LONG BEACH – A homeless U.S, military veteran living at the Villages at Cabrillo has filed a legal complaint against an Orange County swim school claiming gender identity discrimination and wrongful termination.
Julie Owen, 41, relocated from Virginia Beach, Virginia, after she was hired as a swim instructor in May 2015 for the Anaheim location of the Australian Swim Schools, an Orange County based swimming school with students ranging in age from three months to adults.
After she started working at the swim school, Owen told her boss she is transgender, but was laid off by the school about a month later, according to the complaint. The school told Owen she was laid off because not enough students had signed up for summer water safety lessons, yet when Owen returned to the facility about two weeks later to visit a friend, she noticed three new employees were hired to teach swimming lessons, the complaint said.
“I’m a human being. To treat me like this is not right. You can’t treat people like this,” Owen told Out in the 562. “Just because I’m different from you doesn’t mean I can’t do my job.”
Wrongful Termination Complaint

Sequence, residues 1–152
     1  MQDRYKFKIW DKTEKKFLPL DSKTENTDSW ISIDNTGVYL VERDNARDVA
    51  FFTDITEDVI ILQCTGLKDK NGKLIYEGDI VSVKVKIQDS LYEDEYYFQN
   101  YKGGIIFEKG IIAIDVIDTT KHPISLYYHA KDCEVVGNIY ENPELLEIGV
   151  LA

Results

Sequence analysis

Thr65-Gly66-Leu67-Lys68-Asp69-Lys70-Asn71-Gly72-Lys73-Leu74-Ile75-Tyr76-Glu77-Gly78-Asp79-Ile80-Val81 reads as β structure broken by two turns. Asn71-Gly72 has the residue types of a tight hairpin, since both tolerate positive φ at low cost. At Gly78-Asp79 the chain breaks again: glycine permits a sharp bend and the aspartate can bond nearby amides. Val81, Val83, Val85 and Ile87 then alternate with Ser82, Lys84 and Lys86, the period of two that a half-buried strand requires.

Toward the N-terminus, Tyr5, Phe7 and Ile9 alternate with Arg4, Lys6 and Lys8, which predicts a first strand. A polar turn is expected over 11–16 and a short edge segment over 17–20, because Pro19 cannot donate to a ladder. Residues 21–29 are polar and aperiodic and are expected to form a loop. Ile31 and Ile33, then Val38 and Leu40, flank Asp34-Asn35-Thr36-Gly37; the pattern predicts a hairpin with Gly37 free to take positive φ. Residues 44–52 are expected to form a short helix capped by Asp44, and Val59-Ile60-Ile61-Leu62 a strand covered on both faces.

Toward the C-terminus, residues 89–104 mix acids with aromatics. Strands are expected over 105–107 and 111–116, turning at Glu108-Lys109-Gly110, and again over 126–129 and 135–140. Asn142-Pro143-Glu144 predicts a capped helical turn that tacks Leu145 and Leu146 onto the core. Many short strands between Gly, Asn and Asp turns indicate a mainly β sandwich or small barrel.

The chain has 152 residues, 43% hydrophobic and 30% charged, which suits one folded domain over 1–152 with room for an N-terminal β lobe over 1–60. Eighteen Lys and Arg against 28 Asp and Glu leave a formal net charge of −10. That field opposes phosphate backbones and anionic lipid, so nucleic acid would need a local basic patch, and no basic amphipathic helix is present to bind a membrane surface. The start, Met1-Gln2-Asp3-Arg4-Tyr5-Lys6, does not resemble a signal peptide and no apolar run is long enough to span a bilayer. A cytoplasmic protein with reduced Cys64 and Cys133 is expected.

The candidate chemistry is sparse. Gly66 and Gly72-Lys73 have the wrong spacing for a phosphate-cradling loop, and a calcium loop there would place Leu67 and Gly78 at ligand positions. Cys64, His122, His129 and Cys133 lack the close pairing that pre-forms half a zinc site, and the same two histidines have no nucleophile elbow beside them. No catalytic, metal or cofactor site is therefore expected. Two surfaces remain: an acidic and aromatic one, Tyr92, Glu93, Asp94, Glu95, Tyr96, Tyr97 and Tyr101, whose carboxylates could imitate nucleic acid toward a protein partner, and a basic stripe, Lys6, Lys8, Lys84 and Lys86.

Owen filed the complaint, a precursor to a lawsuit, in Orange County Superior Court on Oct. 1, 2015.
“The Australian Swim School denies any wrongdoing and believes the facts of the case will bear that out,” attorney Jonathan Judge told Out in the 562. “We will comply with all state and federal laws and provide and appropriate workplace for all employees and protect the interests of the students who train at the Australian Swim School.”
Owen served in the U.S. Marine Corps from 1993 to 1994 and worked on aviation electronics while stationed in Memphis. She was honorably discharged after being diagnosed with chondromalacia, or “runner’s knee,” degeneration of cartilage in the knee, which causes intense pain.
California is one of 19 states plus Washington D.C. that protect transgender people in the workplace and prohibit firing someone based on gender identity, according to the Transgender Law Center.
About one in four transgender people have lost a job due to bias, and more than three-quarters have experienced some form of workplace discrimination, according to the National Center for Transgender Equality.
“Transgender people have not made the same strides to equality as other members of the LGBT community,” Owen’s attorney, Richard Jorgensen told Out in the 562. “If there is any sense of justice, you should not be fired under the law for being transgender.”